The home of Sweaty Spice, the 'other' Spice Girl

About a week ago, I went to update my three properties that are self hosted on Ghost, and I learnt that version 5 had been released.

Of course, I remember when version 4 came out, adding the membership newsletter features, and the chaos (I ended up buying new themes rather than awaiting my older themes being updated, a wise decision in hindsight) that ensued.

I made the conscious decision to upgrade my properties this long weekend, and to spend whatever time was required to get everything "right".

The Upgrade Process

Since I am a hobbyist, I rolled the dice and just executed the ghost update command. It all seemed to work, but before actually updating the running version, the ghost application actually does a check of whether the theme works.

Naturally, all three themes were hosed. No surprises there. What was surprising and welcomed was that the theme audit pointed out the offending bits (it appears that the methods for laying out the membership tiers, and the values changes how the global variables were passed.)

One of my themes released an update (Nurui) that supported the new version, so I grabbed a copy.

The second theme I was using was an older one for a tiled user interface, and alas, it hasn't been updated in - ahem - a couple of years. I decided that it was time to start fresh, and found a theme I liked. Inros was the one I opted for.

On this blog, I updated the Nurui theme, and expected the typical experience of using Ghost themes. Which brings me to ...

Surprise, Ghost is maturing!

Having been around in the Ghost ecosystem since the pre-1.0 days (I think I first installed a self hosted version of 0.6) running a Ghost blog was a bit of bootstrapping.

Sure, there always were themes, but the themes were a series of files of a templating 'language' called "Handlebars". Those, plus some CSS (cascading style sheets) could make your site like any way you wanted it to.

But they were rough. Want to add Disqus commenting? You edited .hbs files. Want to change things up in the sidebar? Edit a .hbs file. Want to change a color? Edit a CSS source file (early on, Ghost used compiled CSS files for speed) and recompile it.

In short, to implement one of the groovy templates from Themeforest, you needed to roll up your sleeves and get dirty with a text editor.

And, when you are barely knowledgeable enough to be dangerous, you did a lot of small tweaks, with re-uploading of the theme to check it out.

It is why once I got a theme working right, or right enough, I just didn't mess with it.

Wordpress, on the other hand, is the Fisher Price of self hosted blogs. Every imaginable tweak you might want to do to the look and feel is either accessible in the dashboard of the theme, or added via a vast array of plugins that bring new and interesting functionality and behaviors. Want a tag cloud? There's a plugin for that. A social feed? Plugin. A rich contact form? Plugin.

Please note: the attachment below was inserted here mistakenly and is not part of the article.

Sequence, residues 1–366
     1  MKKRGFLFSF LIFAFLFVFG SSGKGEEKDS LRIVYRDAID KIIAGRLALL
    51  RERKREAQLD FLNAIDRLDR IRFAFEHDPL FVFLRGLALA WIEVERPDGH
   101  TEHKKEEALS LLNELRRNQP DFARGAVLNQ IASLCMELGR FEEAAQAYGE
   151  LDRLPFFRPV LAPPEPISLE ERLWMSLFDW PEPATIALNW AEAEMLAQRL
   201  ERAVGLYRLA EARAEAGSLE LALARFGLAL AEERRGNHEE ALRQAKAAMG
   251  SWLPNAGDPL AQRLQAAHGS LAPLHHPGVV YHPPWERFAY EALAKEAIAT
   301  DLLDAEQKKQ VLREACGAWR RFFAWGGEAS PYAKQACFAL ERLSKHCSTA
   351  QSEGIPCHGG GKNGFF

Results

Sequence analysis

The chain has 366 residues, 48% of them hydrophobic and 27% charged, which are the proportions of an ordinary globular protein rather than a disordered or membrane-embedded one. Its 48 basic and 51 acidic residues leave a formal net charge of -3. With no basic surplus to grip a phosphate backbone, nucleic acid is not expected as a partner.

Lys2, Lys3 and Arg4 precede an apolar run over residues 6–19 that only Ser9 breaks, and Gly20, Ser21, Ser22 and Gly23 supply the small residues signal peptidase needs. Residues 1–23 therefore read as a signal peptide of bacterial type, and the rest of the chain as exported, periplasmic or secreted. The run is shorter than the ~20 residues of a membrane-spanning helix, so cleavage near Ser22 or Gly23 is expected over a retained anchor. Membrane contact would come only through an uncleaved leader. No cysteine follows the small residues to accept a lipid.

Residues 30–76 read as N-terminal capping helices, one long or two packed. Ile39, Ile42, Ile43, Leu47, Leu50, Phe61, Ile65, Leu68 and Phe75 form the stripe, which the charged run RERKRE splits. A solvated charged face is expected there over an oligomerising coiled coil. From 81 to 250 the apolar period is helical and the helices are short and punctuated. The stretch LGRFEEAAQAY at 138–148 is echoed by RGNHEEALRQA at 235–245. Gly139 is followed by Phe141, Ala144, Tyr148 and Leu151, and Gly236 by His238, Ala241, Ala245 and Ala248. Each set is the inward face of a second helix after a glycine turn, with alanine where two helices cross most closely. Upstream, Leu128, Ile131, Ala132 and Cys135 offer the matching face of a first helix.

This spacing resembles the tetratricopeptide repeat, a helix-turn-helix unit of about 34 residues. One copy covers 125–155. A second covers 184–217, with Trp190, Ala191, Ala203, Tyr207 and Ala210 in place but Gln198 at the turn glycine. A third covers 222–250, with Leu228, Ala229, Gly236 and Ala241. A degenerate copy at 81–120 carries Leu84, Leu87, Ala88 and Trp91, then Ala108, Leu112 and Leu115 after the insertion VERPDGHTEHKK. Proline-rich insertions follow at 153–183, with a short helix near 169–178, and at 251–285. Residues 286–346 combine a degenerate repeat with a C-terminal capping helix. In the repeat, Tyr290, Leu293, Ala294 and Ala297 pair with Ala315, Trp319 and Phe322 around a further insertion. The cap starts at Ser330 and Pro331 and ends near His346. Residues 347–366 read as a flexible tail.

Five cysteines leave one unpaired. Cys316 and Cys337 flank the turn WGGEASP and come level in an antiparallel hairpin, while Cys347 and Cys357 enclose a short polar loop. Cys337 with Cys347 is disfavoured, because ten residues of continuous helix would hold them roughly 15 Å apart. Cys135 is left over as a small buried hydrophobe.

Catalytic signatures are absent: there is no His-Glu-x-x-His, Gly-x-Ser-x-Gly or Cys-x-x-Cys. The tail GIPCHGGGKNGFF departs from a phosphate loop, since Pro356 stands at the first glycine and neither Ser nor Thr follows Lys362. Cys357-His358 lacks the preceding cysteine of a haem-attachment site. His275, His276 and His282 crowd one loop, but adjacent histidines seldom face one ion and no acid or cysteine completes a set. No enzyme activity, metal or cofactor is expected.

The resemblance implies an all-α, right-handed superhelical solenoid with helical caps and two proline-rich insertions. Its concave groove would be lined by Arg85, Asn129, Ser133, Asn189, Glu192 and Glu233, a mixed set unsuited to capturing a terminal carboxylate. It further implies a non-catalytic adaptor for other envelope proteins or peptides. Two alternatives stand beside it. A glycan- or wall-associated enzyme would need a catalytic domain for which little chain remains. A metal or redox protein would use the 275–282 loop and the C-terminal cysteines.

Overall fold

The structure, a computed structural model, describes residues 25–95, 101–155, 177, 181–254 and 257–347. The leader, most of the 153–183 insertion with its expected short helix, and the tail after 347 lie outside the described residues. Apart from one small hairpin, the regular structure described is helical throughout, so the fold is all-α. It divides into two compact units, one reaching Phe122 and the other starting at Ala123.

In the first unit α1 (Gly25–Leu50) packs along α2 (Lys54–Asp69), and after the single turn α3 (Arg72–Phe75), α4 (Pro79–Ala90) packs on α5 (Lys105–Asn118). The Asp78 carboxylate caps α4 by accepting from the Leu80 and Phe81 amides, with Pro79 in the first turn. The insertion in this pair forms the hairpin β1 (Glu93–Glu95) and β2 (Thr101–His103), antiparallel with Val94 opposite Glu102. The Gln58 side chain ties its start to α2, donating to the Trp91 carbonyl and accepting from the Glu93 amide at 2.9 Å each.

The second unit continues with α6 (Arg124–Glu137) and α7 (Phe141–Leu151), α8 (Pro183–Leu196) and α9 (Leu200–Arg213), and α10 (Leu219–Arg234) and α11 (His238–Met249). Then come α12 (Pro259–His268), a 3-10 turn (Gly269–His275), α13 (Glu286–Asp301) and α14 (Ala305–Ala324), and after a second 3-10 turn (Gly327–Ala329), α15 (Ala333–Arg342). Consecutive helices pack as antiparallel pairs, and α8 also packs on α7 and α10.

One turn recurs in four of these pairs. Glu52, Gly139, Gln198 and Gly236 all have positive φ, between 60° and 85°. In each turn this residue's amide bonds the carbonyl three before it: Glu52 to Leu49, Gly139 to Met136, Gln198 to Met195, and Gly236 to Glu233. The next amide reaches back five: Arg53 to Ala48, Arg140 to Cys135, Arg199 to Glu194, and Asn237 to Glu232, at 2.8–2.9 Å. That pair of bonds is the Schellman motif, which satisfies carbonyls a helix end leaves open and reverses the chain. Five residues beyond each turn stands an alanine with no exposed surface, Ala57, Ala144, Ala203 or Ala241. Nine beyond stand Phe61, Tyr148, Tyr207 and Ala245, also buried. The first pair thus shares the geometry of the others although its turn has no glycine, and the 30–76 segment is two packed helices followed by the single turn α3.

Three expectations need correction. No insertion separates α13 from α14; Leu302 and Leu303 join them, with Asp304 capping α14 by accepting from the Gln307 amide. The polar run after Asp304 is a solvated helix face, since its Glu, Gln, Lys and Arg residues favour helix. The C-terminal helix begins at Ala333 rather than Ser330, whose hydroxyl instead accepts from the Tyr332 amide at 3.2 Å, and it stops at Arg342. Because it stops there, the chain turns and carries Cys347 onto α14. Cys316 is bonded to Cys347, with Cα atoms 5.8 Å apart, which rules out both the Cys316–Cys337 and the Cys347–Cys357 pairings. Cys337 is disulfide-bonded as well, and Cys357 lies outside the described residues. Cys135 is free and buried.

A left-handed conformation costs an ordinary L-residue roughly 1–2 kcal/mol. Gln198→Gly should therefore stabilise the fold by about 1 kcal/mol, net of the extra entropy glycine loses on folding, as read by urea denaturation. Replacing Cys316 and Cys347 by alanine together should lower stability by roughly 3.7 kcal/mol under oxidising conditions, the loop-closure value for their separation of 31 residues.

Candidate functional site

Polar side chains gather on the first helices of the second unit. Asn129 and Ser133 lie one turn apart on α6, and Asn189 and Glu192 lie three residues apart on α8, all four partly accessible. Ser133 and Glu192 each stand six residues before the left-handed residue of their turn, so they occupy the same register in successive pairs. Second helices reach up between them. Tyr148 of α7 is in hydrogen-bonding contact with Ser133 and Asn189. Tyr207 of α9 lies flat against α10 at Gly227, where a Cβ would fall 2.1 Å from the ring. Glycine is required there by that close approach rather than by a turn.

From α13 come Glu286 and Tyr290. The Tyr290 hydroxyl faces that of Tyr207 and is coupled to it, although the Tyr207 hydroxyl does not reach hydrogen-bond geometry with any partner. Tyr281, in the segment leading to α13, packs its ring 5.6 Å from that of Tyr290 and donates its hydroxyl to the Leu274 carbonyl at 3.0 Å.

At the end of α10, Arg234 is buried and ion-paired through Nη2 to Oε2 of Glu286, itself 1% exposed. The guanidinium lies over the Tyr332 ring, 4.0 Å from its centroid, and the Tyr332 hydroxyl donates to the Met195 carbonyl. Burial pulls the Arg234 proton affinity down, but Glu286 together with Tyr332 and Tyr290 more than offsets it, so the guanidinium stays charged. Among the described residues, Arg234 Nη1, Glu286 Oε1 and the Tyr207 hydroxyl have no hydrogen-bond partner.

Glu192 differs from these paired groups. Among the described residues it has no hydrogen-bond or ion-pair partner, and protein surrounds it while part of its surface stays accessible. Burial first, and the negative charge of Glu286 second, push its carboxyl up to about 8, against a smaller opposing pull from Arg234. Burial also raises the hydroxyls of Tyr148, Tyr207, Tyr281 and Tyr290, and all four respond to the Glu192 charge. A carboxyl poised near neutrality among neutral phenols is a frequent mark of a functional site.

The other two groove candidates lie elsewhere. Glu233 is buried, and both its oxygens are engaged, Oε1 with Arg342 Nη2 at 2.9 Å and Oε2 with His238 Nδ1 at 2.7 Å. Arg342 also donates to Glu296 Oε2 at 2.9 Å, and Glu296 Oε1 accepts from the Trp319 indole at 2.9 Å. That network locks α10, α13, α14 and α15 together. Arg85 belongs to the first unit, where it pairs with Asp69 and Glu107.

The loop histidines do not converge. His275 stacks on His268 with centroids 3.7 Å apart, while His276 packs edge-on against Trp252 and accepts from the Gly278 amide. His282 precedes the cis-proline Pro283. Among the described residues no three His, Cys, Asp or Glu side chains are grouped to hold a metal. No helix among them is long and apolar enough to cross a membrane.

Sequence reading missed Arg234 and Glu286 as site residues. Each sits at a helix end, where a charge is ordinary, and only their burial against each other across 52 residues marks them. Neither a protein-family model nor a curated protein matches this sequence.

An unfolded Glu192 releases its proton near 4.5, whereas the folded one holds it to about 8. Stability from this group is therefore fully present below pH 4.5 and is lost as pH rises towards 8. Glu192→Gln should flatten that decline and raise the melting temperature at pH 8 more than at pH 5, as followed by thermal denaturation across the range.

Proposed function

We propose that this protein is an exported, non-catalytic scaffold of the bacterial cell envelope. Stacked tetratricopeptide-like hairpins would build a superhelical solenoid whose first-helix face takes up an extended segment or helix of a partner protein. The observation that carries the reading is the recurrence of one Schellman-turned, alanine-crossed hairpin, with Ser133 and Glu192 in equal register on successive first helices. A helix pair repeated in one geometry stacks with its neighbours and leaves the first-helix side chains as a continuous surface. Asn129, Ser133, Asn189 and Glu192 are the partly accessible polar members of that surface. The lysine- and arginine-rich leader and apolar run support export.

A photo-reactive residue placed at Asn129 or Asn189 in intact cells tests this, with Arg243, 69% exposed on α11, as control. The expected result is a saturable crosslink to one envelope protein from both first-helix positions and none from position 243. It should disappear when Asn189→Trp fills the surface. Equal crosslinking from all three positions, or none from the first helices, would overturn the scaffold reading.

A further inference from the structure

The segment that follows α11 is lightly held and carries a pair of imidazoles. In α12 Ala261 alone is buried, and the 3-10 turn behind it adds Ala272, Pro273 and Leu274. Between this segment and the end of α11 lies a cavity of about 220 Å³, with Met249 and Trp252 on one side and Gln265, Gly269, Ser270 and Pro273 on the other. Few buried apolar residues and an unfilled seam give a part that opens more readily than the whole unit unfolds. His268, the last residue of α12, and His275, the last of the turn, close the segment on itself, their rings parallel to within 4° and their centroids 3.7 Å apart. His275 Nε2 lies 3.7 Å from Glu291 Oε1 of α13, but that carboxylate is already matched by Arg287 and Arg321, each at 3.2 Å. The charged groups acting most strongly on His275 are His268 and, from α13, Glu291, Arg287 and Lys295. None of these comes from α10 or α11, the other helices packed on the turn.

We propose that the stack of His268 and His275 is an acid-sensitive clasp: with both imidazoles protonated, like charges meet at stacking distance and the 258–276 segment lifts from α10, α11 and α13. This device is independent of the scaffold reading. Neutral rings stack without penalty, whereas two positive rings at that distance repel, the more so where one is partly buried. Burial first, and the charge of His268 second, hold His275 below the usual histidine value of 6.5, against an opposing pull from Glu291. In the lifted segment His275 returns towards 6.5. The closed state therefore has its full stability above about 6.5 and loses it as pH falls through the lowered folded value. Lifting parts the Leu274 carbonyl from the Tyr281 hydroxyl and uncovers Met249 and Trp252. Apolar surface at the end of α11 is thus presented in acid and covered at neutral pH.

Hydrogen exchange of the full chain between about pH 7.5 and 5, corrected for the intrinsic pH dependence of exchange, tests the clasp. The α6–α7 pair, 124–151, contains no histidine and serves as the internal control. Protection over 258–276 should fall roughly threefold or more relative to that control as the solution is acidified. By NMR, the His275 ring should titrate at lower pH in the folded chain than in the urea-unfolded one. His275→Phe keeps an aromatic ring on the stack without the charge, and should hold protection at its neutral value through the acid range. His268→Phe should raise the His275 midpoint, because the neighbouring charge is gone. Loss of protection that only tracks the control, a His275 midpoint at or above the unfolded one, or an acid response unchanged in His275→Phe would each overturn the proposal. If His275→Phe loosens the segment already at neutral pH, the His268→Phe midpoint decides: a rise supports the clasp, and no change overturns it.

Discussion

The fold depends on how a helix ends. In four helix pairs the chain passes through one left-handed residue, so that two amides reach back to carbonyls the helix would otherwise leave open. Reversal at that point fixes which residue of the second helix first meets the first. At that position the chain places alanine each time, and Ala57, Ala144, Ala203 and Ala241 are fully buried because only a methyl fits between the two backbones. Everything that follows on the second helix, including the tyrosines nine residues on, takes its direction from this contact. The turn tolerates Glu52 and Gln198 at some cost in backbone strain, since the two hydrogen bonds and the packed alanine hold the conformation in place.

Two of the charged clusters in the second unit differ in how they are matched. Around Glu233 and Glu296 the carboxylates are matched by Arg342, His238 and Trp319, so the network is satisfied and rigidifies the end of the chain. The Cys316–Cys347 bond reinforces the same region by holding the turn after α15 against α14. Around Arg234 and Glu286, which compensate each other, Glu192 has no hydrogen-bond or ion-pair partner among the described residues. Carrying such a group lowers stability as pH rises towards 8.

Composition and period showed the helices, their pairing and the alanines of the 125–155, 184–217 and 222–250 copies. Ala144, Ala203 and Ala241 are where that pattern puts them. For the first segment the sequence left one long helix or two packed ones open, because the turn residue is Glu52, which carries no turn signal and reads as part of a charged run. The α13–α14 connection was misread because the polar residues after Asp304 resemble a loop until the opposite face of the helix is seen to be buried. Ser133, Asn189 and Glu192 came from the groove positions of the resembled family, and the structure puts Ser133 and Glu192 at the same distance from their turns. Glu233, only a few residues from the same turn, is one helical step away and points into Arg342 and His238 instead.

Now Ghost throughout the evolution of versions from pre-1.0 to the new 5.0 has improved. In the late 4.0 era, they started to add more configurability in the Design settings area. Nowhere near as complete as Wordpress, but it is very functional. And since they are competing with Substack for the independent publisher market, their aids provide a level of customizability that Substack lacks. In fact, Substack purposely limits the ability of their authors to tailor the experience, preferring to keep to the 'Stack vibe.


Thus, expecting the usual tweak, zip, upload, test, groan, edit, tweak, zip, upload, test cycle to consume hours this weekend, I was surprised that about 90% of what I needed to do didn't require me to touch a Handlebars template file.

That is fucking awesome.

Literally, I was up and functional (needed to tweek some pages) in minutes. YAWN.

The odds and sods

Ghost still has mediocre analytics. With the advent of the membership model, they do track opens (as long as you configure Mailgun properly) so that is cool. But no read count of articles, no traffic pattern analysis. You can use Google Analytics for that, but since I am not really leveraging it anymore (ripped it out of all my properties) I am blind. Of course, if I get 5 or 10 visits after each post, I am stoked.

The new handling of dark vs. light mode is pretty cool. You can set it in the back end, rather than using some hokey meta-tag to switch. And you can now properly have a dark and light mode version of a logo image. Big improvement.

It is designed to have paid membership tiers, and it feels a bit wonky to not have any membership tiers. Some odd behaviors that I will likely need to dive into the template files to address.

If you write proper Markdown, you can just paste it in from your favorite editor and magic occurs to format it in a post. This is how I write, so it works well for me.

The themes are not as plentiful as for Wordpress, and version 5 compatible themes are pretty rare at the moment (launch + 1 week) but the situation is improving.

Final Thoughts

I am pleasantly surprised at how easy this update went. I only needed to purchase one new theme (yay) and I didn't need to tweak a single .hbs file.

Ghost has come a long way since the pre-1.0 era, and it is now much more usable for us who know enough to be dangerous, but aren't developers.

In writing this, it occurs to me that a future post on the evolution of Ghost as I recall it would be a good tale to tell.

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